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Army Keeps Up Momentum for Transformation

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U.S. Army/Sgt. James Harvey
Thursday, October 08, 2020

The Army isn’t losing any momentum in its transformation journey, despite a challenging and tumultuous year, the service’s top leader said.  

“We have a lot of momentum in the midst of tremendous turbulence that we face, and that's attributed largely because of the experience of our leaders,” Army Secretary Ryan McCarthy said Oct. 7 during a virtual discussion with the Hudson Institute.

McCarthy said the Army is on track to transform the force by focusing on five “key variables”—people, command and control, weapons systems, information and terrain.

“Those five key variables are what we put in place for the formula that is Project Convergence,” McCarthy said, referring to the initiative that included a six-week exercise at Yuma Proving Ground, Arizona, earlier this year.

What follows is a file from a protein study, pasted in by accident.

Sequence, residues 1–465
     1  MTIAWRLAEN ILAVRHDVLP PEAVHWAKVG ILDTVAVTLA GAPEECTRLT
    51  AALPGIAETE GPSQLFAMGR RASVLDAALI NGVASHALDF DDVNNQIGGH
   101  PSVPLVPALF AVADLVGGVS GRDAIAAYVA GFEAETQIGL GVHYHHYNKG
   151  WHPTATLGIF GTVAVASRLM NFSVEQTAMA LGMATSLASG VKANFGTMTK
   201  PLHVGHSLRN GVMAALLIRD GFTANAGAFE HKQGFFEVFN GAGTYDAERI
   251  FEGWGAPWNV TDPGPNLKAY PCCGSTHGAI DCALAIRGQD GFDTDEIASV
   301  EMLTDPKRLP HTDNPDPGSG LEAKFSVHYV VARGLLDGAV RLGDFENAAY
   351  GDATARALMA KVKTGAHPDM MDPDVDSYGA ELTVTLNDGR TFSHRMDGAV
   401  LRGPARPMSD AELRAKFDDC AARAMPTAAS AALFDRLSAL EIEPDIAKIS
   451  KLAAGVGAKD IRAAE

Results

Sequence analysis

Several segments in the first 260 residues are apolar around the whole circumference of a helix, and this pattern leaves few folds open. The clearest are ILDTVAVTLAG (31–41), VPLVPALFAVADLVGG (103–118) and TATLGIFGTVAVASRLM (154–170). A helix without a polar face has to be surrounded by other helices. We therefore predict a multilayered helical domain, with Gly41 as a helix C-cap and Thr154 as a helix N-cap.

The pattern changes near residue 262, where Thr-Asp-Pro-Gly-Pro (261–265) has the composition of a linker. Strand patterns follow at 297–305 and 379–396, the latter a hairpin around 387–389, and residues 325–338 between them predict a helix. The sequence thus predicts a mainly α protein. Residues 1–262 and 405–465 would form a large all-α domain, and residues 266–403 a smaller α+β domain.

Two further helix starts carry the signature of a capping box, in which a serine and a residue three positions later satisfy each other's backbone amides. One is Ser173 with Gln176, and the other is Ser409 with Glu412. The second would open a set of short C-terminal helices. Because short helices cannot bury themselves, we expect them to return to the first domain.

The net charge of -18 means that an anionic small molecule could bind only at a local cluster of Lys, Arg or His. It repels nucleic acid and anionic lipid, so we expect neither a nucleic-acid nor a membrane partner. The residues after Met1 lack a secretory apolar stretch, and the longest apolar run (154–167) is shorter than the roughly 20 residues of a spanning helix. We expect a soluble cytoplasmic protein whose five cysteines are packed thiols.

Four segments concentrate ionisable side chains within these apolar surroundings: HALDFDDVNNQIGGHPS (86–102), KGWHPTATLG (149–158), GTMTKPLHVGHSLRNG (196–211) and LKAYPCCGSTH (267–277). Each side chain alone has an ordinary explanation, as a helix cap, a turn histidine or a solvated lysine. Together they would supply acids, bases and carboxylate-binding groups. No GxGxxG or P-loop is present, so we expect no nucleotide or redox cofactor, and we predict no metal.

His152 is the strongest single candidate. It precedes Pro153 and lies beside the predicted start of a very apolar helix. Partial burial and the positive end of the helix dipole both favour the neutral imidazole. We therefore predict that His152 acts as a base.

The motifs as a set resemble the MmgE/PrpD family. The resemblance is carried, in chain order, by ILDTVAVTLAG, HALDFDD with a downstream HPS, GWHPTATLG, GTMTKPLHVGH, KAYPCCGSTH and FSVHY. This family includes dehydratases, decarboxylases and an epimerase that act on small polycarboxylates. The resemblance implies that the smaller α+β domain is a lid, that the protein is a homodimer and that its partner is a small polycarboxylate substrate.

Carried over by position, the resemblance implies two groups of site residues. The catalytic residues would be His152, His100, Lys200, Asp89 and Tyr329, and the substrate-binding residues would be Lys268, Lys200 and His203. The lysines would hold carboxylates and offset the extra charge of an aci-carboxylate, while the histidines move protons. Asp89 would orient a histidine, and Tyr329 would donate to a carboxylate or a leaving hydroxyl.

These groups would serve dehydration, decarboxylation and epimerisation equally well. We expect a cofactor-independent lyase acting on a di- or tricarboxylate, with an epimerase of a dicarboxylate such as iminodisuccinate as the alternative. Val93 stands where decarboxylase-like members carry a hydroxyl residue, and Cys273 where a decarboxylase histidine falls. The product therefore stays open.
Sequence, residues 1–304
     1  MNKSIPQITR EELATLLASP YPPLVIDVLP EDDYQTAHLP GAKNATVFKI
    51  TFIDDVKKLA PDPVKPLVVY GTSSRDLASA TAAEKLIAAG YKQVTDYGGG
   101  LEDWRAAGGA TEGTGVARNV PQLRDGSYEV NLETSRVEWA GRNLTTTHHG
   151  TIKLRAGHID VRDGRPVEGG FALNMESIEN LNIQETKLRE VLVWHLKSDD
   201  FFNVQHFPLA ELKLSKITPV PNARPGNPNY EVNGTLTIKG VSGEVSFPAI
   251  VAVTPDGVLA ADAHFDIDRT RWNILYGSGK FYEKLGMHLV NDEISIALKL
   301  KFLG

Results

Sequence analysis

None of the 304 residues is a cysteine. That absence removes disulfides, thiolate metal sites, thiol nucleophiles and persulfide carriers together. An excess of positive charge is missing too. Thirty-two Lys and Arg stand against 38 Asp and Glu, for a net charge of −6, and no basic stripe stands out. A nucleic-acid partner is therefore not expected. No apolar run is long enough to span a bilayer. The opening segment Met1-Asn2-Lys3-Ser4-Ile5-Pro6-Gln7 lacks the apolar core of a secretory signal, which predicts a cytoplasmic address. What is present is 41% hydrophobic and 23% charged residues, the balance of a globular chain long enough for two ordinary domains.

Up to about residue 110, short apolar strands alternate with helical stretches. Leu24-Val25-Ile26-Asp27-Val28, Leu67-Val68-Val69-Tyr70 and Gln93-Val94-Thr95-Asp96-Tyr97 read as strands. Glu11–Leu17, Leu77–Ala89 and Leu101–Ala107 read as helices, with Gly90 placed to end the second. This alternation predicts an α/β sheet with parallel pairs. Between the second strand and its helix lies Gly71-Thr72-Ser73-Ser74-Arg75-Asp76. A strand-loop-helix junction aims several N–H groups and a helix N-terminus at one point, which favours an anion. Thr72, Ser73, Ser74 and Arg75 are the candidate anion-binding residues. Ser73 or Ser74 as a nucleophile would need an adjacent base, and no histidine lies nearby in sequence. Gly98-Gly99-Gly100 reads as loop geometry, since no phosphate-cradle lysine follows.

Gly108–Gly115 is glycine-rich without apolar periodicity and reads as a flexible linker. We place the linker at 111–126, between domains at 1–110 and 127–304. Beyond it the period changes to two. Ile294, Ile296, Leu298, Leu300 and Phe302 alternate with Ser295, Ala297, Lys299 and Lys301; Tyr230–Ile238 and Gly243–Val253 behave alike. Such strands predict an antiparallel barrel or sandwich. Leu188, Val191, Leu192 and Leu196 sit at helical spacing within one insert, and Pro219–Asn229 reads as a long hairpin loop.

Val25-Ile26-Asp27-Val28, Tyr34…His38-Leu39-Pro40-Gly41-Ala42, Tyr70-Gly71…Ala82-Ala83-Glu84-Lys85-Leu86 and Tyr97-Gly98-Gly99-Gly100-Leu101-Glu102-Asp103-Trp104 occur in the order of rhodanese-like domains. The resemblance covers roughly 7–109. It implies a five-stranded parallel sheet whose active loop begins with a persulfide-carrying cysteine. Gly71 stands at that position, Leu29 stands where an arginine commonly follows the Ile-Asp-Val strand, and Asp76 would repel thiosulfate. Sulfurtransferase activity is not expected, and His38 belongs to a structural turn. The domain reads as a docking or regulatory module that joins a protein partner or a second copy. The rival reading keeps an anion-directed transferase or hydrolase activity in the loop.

Designed to be an annual event, the Project Convergence exercise puts the Army’s Multi-Domain Operations concept into action while allowing the Army to test new equipment. 

“We're able to reduce the time span to calling for fire from minutes down to 45 seconds or less,” McCarthy said. In the exercise, information is “fusing” faster to “get it into the hands of the decision maker,” he said. 

During this year’s exercise, the Army had engineers and scientists working in the field alongside soldiers, writing code “at the edge,” he said. 

“When you can become the faster [fighter] to throw the punch, you’re going to win in a fight,” McCarthy said, adding that the success of the exercise beat expectations. 

With a “tremendous amount of talent” under its own roof, the Army is focused on garnering more data scientists and software engineers to help commanders in the future, he said. 

The Army is also in the process of introducing new signature systems into its formations as it begins to replace the “Big Five” weapons systems, including the M1A1 Abrams tank and the Bradley Fighting Vehicle.

While the Big Five “served the nation well,” McCarthy said, the Army can’t “engineer another ounce out of those weapons systems to make them relevant to the future.” 

“We're pretty busy, but we have a lot of energy and a lot of focus on these ... key capabilities that we have to change,” he said.